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Yolanda began acting professionally in 1978, when she portrayed Rosa Parks in the miniseries based on her father’s life, 'King.' She also made stage performances as part of her social activism. Yolanda starred as an unwed teen mother in the play 'Stepping into Tomorrow,' which was a collaborative effort with Attallah Shabazz, the eldest daughter of civil rights leader Malcolm X. Yolanda met Shabazz for the first time at the university, and despite the differences in their respective fathers’ perspectives, the girls got along well.

Yolanda and Shabazz founded the theater company 'Nucleus’ in the 1980s. The objective of the company was to present the thoughts and beliefs of their respective fathers through plays. In the following years, their stage works spread to churches and community centers all over the nation.

Yolanda was the narrator of the musical composition 'New Morning for the World.' She was also part of the 1980 war-comedy film 'Hopscotch' and the 1981 TV movie 'Death of a Prophet.' She portrayed the role of Betty Shabazz, wife of Malcolm X, in the latter.

In 1984, Yolanda was arrested for protesting against South African apartheid in front of the 'South African Embassy.' She later served as a member of the board of directors of the ‘Martin Luther King Jr. Center for Nonviolent Social Change, Inc’ and was the founding director of the cultural section of the center. In 1992, Yolanda appeared as 16 different characters in her multimedia work ‘Tracks: A Celebration of the Words and Spirit of Dr. Martin Luther King, Jr.' She performed in the 1995 play 'A Lincoln Portrait' to honor her father. The same year, she appeared in the drama film 'Fluke.'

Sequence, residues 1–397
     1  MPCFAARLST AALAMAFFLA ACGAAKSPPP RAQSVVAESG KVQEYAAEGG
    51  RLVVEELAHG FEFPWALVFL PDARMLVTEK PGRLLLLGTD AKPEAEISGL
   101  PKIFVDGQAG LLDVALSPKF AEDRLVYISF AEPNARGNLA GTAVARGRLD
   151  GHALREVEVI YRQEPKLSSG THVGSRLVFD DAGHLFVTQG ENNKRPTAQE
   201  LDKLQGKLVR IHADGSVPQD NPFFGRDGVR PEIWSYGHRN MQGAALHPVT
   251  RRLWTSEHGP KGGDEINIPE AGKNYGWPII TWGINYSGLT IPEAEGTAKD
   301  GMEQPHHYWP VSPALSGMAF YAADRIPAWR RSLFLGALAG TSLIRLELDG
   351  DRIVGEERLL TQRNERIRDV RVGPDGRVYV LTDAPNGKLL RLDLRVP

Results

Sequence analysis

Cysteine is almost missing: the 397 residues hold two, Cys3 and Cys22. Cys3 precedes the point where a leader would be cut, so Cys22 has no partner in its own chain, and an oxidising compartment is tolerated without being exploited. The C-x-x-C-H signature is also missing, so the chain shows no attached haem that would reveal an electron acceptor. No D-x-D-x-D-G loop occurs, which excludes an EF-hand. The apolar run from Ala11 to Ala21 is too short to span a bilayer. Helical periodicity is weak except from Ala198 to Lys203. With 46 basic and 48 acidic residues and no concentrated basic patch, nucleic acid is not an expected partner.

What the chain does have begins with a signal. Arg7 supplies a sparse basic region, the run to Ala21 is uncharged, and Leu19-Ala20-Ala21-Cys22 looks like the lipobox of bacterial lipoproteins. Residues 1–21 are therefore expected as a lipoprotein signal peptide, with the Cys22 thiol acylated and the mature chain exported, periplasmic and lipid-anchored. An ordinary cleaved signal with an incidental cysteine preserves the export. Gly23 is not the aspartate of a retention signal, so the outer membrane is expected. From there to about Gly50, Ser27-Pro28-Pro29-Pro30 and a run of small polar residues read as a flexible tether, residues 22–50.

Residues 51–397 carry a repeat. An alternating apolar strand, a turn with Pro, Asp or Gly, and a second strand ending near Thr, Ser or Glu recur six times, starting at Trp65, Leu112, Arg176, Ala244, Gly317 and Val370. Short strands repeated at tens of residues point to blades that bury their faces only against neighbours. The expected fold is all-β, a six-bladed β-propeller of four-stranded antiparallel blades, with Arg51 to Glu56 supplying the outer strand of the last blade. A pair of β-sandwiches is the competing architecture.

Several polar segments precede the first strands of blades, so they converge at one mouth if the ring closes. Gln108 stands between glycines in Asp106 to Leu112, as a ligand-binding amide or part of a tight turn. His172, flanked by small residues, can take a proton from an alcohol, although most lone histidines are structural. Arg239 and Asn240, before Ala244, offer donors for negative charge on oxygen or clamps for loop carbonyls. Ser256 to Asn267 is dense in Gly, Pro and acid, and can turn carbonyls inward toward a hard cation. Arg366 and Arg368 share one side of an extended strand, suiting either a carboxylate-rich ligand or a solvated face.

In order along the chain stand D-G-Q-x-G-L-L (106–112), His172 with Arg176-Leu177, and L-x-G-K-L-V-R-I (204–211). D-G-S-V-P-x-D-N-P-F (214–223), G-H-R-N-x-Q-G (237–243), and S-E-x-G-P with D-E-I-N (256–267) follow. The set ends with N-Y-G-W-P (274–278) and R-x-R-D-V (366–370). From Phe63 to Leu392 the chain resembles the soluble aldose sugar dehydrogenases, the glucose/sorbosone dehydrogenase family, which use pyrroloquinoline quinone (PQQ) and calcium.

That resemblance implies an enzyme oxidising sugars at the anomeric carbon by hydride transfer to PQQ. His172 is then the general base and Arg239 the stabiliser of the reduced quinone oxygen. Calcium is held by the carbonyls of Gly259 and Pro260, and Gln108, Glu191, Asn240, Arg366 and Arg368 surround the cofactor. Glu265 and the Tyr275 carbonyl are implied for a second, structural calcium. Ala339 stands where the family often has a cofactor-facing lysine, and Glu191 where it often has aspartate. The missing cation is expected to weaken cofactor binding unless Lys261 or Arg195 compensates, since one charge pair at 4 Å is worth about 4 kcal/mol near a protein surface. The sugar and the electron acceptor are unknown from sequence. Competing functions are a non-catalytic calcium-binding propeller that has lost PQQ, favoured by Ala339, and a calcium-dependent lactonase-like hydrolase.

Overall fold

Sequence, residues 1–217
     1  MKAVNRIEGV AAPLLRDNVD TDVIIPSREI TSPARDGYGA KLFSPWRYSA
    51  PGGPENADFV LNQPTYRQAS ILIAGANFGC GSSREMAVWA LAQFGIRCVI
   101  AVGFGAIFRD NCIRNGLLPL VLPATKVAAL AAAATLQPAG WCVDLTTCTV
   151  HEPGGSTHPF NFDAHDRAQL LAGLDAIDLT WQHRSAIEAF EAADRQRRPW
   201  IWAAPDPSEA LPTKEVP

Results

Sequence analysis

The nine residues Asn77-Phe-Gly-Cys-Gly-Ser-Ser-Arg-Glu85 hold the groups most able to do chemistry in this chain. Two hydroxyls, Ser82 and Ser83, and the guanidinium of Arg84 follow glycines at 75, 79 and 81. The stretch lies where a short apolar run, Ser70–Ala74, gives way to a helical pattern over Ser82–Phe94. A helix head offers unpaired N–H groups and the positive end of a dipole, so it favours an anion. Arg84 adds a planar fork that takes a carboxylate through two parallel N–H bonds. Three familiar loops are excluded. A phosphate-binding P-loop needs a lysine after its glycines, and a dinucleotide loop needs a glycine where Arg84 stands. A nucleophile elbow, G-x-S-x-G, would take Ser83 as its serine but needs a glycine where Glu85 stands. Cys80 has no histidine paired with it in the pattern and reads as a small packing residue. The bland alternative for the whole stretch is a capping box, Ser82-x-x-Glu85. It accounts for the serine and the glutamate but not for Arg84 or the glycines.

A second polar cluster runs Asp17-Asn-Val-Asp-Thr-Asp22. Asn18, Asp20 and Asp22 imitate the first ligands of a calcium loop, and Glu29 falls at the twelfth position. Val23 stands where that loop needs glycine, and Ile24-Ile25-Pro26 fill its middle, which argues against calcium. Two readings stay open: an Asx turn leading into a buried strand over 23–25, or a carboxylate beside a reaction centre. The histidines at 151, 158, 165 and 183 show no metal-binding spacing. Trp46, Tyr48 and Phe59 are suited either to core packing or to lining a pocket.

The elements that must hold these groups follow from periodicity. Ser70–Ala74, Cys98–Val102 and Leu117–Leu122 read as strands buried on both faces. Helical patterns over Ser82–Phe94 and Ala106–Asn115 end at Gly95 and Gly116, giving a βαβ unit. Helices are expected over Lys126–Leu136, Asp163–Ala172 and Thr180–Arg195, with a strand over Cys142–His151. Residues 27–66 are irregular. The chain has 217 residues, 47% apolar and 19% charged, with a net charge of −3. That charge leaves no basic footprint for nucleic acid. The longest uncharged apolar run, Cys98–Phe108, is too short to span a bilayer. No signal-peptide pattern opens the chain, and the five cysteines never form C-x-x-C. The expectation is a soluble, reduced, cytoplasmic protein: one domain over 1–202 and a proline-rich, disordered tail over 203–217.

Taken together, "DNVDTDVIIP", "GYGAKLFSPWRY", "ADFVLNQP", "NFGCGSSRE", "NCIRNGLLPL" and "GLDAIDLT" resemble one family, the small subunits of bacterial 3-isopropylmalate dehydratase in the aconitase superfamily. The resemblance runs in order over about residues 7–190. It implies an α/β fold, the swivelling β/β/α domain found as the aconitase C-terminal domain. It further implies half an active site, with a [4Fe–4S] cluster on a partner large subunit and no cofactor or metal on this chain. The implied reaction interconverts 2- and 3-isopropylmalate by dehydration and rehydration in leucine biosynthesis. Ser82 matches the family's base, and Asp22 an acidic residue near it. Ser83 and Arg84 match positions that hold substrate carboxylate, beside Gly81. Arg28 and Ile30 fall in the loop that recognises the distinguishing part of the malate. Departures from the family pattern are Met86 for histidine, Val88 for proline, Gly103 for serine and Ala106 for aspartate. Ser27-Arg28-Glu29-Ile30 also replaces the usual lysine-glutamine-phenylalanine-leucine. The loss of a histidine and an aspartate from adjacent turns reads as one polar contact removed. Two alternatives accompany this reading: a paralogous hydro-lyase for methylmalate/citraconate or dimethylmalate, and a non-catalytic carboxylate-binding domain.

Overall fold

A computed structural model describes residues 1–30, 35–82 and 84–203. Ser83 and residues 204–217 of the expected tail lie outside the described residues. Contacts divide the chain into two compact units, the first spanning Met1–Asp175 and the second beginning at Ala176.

From 1996 to 1999, Yolanda appeared in numerous TV productions, such as 'America's Dream' (1996 TV movie), 'Our Friend, Martin' (1999), and 'Selma, Lord, Selma' (1999). She also appeared in the 1996 film 'Ghosts of Mississippi.' In 2001, she promoted the show 'Achieving the Dream' in honor of her father. In 2003, 'McGraw-Hill' published the book 'Open My Eyes, Open My Soul: Celebrating Our Common Humanity,' which Yolanda had co-edited with Elodia Tate.

In 2002, Yolanda appeared in the 'PBS' animated historical fiction ‘Liberty’s Kids.' She played ‘Mama’ in the play 'A Raisin in the Sun,' which was staged at the 'Schwartz Center for the Performing Arts' at 'Cornell University.' She was also the founder of the production house called 'Higher Ground Productions.'

Yolanda had spoken for gay rights and had also got arrested. In 2006, she gave a speech at Chicago's 'Out and Equal Workplace Summit,' in which she advocated for equal rights for homosexuals. She was the first national ambassador for the 'American Stroke Association's 'Power to End Stroke’ campaign and was a member of the 'Southern Christian Leadership Conference.' Yolanda had served on the 'Partnership Council’ of ‘Habitat for Humanity.' Along with securing a lifetime membership at the ‘National Association for the Advancement of Colored People’ (NAACP), she sponsored the 'Women's International League for Peace and Freedom' and the 'Human Rights Campaign.'

Family & Personal Life

Yolanda lost her mother to ovarian cancer on January 30, 2006. Before her death, Yolanda and Dexter had a conflict with their other siblings over selling the 'King Center.' On May 15, 2007, Yolanda died after her heart collapsed. She was 51 years old at the time of her death.

Actors Melina Nzeza and Ronda Louis-Jeune portrayed Yolanda’s young and adult versions, respectively, in the 2013 TV movie 'Betty and Coretta.'